9 WOMEN WHO INSPIRED US IN 2018.
9 WOMEN who INSPIRED US IN 2018.
Happy New Year! What better way to kick off 2019, than to have a look back at some of the most incredible women that have inspired us in 2018! We absolutely adored pulling this post together, and we hope it gives you that first drop of motivation you need to start 2019 completely inspired.
We have scientists and actresses and world-leaders here, but we know there are millions of incredible women out there. So, let us know who you would have on your list in the comments, email us, or drop us a DM on Twitter and let’s get chatting about the people around us who inspire us the most.
For now, here are 9 women who inspired us in 2018.
Jacinda Ardern is currently the 40th Prime Minister of New Zealand. Not only is she a woman that has successfully made her way to the top, but she is only the second world leader to have given birth while in office in June of 2018. Talking about her pregnancy in an interview with The Guardian, she said:
“I'm not going to leave any room for doubt that I can do this.” And do it, she most certainly did!
She also made history by taking her three-month-old daughter to a UN General Assembly with her, as she was still breast-feeding at the time, raising awareness and starting the conversation around the difficulties of juggling life as a working-mother.
Jacinda acknowledged that she has some ‘exceptional circumstances’ that make it possible for her to continue to be Prime Minister and raise her daughter and she hopes that one day, it will be ‘the norm for all women wanting to balance a career and parenting’. - The Guardian.
2. The Duchess of Sussex.
At first glance, Meghan Markle’s story looks nothing short of a fairy tale. However, you only have to just start digging a little deeper to realise there is so much more to the new Duchess than meets the eye. 2018 saw HRH become one of the most recognisable and influential women in the world, and “as a bi-racial American and campaigning feminist, Meghan Markle is not only a powerful symbol for Britain and the royal family, she's a game-changing role model for millions.” - Afua Hirsch for Vogue.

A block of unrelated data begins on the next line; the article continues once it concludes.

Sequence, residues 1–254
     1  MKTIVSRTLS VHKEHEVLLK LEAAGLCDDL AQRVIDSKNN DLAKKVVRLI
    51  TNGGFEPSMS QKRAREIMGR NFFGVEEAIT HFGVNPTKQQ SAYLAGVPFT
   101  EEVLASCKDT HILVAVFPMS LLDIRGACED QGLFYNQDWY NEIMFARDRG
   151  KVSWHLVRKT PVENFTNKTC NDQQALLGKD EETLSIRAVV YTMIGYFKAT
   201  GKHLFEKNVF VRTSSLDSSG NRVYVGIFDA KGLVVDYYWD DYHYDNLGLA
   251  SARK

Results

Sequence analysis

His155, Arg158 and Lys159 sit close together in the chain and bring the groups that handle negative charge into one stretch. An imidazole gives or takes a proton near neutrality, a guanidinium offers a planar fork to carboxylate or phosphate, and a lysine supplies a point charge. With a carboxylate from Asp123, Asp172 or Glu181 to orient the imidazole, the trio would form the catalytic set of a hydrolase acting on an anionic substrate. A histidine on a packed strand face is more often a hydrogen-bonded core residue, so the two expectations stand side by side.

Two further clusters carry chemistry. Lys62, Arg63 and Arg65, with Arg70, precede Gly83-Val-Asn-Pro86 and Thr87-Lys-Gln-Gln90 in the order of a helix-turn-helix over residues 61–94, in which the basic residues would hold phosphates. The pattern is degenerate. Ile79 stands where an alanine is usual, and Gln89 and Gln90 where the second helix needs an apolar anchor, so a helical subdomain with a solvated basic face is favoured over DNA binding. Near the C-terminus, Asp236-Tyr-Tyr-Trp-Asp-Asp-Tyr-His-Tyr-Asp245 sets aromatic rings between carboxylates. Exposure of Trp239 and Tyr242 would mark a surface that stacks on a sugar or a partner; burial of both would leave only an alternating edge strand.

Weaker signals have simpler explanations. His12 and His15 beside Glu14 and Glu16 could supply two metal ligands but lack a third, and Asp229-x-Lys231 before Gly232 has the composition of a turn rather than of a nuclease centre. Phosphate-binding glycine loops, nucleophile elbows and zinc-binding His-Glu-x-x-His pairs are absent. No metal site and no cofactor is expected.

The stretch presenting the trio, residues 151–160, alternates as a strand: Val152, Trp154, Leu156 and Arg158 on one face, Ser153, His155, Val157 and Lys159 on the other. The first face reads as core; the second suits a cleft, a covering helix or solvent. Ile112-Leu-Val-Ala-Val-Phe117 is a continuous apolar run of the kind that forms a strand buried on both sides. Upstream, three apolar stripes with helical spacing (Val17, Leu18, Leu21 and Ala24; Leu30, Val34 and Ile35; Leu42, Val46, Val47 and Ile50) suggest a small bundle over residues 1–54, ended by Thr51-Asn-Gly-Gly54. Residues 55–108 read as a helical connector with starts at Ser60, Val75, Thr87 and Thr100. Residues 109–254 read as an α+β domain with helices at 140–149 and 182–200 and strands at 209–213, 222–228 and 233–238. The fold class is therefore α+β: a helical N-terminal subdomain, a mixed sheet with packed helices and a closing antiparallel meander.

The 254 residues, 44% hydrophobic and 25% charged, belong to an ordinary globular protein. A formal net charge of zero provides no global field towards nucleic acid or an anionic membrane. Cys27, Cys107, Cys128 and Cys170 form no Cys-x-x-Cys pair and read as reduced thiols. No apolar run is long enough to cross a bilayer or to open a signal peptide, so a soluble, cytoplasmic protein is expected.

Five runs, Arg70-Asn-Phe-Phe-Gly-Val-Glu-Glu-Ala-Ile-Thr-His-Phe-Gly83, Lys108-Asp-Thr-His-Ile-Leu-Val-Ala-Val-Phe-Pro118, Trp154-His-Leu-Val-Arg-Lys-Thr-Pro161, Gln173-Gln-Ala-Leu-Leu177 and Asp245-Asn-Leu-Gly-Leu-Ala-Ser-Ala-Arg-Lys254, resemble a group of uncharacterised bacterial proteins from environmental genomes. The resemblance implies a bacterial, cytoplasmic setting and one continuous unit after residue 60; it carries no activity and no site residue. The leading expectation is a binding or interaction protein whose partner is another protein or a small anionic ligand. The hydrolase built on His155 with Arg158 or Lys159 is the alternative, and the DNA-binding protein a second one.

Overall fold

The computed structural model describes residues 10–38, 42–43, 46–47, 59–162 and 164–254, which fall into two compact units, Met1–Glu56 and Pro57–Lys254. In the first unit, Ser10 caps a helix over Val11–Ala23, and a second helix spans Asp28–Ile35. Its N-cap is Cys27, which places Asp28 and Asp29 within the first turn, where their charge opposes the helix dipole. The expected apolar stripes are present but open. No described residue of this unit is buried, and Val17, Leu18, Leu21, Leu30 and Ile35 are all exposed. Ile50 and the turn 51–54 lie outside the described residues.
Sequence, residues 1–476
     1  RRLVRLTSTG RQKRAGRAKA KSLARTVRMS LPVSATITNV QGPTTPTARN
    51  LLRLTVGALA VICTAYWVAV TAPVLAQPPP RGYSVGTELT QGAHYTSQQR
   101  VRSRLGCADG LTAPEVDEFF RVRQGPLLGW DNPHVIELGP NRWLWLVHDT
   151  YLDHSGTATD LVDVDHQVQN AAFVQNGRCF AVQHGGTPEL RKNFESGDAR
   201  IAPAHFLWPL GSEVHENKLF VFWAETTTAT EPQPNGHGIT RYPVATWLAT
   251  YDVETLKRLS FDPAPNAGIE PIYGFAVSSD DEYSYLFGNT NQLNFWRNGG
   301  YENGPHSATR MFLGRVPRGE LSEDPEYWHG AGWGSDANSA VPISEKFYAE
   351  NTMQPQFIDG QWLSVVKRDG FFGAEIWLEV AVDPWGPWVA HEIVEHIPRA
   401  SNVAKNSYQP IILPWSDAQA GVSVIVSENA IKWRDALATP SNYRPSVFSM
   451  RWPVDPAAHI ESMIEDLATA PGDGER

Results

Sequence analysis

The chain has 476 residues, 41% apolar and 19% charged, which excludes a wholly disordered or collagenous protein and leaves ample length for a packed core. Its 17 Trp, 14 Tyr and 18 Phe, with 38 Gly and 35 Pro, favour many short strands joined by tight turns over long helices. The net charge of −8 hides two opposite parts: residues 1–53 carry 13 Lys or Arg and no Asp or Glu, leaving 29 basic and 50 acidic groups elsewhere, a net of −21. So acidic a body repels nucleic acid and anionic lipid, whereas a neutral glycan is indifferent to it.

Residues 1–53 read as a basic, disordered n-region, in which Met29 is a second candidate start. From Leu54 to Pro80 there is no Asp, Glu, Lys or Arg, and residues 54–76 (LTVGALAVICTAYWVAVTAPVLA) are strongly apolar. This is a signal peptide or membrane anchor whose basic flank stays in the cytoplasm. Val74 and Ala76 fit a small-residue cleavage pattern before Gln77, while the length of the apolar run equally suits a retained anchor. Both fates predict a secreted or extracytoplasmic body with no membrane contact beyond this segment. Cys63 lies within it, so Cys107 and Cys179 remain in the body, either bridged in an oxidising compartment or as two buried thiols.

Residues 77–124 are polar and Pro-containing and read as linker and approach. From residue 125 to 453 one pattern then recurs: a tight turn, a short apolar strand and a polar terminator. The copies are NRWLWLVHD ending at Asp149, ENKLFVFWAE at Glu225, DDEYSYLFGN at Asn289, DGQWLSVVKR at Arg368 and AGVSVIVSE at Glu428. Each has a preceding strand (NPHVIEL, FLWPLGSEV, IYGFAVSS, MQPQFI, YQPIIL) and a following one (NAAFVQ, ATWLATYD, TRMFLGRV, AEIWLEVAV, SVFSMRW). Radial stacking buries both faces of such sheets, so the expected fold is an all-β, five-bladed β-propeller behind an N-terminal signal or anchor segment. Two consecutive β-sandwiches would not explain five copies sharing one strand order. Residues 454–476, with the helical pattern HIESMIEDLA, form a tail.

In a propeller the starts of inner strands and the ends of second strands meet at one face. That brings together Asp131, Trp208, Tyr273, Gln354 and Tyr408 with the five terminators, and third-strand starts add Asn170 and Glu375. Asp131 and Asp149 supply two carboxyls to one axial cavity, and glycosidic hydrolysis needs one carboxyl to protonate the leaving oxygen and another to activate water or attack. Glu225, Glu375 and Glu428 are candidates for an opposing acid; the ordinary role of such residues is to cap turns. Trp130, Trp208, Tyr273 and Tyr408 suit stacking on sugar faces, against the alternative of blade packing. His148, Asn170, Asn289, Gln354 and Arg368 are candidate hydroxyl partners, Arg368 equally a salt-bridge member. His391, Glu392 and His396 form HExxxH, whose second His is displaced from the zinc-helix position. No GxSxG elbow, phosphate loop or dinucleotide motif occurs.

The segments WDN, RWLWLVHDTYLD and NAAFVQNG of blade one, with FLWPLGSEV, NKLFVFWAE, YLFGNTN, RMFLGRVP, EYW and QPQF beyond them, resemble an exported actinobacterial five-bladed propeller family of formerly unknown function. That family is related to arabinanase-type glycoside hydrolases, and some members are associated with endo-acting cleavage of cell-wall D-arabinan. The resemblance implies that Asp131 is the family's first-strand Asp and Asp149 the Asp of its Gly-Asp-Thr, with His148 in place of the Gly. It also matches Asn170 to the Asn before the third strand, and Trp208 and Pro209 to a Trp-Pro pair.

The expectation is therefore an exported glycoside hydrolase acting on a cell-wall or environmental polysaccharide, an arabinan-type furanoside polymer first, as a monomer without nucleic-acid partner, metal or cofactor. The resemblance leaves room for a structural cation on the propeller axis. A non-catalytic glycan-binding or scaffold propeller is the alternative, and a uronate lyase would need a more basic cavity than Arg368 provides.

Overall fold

One of our favourite Meghan quotes came in February of this year, when she was speaking about her work for women's rights and explained that her activism will continue, at a forum organised by the official Royal Foundation charity. Meghan said:
"What's interesting is that I hear a lot of people saying, when talking about girls‘ empowerment and women as well, you’ll often hear people saying, ‘You’re helping them find their voices', I fundamentally disagree with that. Women don’t need to find their voice. They need to feel empowered to use it and people need to be encouraged to listen.”
3. Jocelyn Bell Burnell.
Jocelyn Bell Burnell is a one of the UK’s leading astronomers, but she’s also a woman who knows all too well the challenges women face. In 1974, she was left out of the prize citation for The Nobel Prize for Physics, even though every single one of her male counterparts were included.
However, this year, she won the Breakthrough Prize for the discovery of radio pulsars (a type of neutron star that emits a beam of radiation - don’t worry, we had to Google this too!), and instead of keeping her £2.3m winnings, she is going to use the money to fund women, under-represented ethnic minorities, and refugee students to become physics researchers.
What. A. Woman.
4. Sinéad Burke
Sinéad Burke is a 3ft 5in tall woman, who has a very clear mission to change the fashion industry and educate designers to not only be more inclusive, but to be fully inclusive.
“Through writing, public speaking, lecturing and social media, I highlight the lack of inclusivity within the fashion and design industries and consult with leadership to ensure the process of designing for, with and by disabled people is embedded into their business model. I also critique the ways in which the media talks to women and offer an alternative conversation that celebrates the achievements of others with the ‘Extraordinary Women’ interview series.” - Sinéad Burke
5. Farrah Storr.